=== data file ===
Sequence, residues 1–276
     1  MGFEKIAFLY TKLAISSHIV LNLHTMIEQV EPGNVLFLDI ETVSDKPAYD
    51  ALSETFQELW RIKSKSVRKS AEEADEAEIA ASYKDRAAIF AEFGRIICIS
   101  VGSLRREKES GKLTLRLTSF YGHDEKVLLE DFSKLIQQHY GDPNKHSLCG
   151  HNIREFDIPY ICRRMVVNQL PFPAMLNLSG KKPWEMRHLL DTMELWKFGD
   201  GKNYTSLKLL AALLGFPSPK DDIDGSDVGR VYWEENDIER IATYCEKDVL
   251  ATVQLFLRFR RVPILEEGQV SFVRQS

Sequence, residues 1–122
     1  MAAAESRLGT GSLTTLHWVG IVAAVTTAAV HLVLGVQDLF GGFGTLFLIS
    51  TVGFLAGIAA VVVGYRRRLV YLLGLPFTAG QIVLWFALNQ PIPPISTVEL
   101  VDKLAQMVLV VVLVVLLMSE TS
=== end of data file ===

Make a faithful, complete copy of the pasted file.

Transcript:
Sequence, residues 1–276
     1  MGFEKIAFLY TKLAISSHIV LNLHTMIEQV EPGNVLFLDI ETVSDKPAYD
    51  ALSETFQELW RIKSKSVRKS AEEADEAEIA ASYKDRAAIF AEFGRIICIS
   101  VGSLRREKES GKLTLRLTSF YGHDEKVLLE DFSKLIQQHY GDPNKHSLCG
   151  HNIREFDIPY ICRRMVVNQL PFPAMLNLSG KKPWEMRHLL DTMELWKFGD
   201  GKNYTSLKLL AALLGFPSPK DDIDGSDVGR VYWEENDIER IATYCEKDVL
   251  ATVQLFLRFR RVPILEEGQV SFVRQS

Sequence, residues 1–122
     1  MAAAESRLGT GSLTTLHWVG IVAAVTTAAV HLVLGVQDLF GGFGTLFLIS
    51  TVGFLAGIAA VVVGYRRRLV YLLGLPFTAG QIVLWFALNQ PIPPISTVEL
   101  VDKLAQMVLV VVLVVLLMSE TS